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Dr. Jason  Zemanovic  Md image

Dr. Jason Zemanovic Md

1600 Eureka Rd
Roseville CA 95661
916 844-4000
Medical School: University Of California, Ucla School Of Medicine - 1998
Accepts Medicare: Yes
Participates In eRX: No
Participates In PQRS: No
Participates In EHR: No
License #: A70828
NPI: 1629156393
Taxonomy Codes:
207X00000X

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Publications

The resisted supination external rotation test: a new test for the diagnosis of superior labral anterior posterior lesions. - The American journal of sports medicine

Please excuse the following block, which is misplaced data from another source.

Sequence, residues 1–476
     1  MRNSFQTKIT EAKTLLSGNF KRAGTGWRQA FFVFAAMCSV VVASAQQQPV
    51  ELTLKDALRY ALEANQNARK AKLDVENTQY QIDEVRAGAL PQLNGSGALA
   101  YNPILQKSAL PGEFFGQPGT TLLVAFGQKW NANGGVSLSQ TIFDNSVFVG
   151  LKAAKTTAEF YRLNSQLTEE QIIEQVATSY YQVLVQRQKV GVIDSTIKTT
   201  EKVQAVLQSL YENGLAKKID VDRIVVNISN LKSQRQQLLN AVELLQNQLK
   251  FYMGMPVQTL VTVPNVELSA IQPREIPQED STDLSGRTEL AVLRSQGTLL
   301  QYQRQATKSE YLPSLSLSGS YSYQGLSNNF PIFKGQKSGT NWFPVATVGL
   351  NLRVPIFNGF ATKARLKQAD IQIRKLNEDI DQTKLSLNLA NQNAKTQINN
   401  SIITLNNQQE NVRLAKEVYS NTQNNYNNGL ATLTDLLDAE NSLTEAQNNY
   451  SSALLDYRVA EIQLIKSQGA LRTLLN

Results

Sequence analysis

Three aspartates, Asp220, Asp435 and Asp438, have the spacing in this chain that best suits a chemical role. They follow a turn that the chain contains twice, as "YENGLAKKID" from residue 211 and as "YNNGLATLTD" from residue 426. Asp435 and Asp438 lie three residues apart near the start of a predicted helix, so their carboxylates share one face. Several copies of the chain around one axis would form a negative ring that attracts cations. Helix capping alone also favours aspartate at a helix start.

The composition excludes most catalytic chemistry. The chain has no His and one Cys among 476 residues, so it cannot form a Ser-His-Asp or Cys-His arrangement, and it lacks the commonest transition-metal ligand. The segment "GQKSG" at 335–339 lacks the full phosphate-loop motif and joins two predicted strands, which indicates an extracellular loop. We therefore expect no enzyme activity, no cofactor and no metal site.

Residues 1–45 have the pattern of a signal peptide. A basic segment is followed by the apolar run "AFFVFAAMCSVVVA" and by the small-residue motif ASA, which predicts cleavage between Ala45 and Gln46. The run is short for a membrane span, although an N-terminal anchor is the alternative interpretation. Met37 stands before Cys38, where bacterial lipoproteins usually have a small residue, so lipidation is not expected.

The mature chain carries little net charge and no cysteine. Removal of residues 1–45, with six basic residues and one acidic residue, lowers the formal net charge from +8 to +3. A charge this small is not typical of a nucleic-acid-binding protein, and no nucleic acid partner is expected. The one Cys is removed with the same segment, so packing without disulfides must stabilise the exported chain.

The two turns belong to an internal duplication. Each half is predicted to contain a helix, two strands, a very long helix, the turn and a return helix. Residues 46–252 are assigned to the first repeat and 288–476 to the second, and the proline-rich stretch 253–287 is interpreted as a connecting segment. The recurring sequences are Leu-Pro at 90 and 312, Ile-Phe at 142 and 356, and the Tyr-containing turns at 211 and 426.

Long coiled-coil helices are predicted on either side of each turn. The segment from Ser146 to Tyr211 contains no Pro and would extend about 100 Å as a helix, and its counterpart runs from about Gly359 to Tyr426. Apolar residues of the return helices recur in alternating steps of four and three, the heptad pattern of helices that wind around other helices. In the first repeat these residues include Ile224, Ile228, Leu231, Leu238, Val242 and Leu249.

To evaluate a new clinical test, the resisted supination external rotation test, for the diagnosis of superior labral anterior posterior lesions of the shoulder.Cohort study (diagnosis); Level of evidence, 2.Forty athletes (average age, 23.9 years) with activity-related shoulder pain were enrolled in the study. The patients underwent 3 different tests designed specifically to detect superior labral anterior posterior lesions (the resisted supination external rotation test, the crank test, and the active compression test); the tests were performed in a random order on the affected shoulder. The results of the tests were compared with arthroscopic findings.Out of 40 athletes, 29 (72.5%) had superior labral anterior posterior tears. The resisted supination external rotation test had the highest sensitivity (82.8%), specificity (81.8%), positive predictive value (92.3%), negative predictive value (64.3%), and diagnostic accuracy (82.5%) of all tests performed.By re-creating the peel-back mechanism, the resisted supination external rotation test is more accurate than 2 other commonly used physical examination tests designed to diagnose superior labral anterior posterior tears in overhead-throwing athletes. By using this test in the context of a thorough clinical history and physical examination, lesions of the superior labrum can be more reliably diagnosed.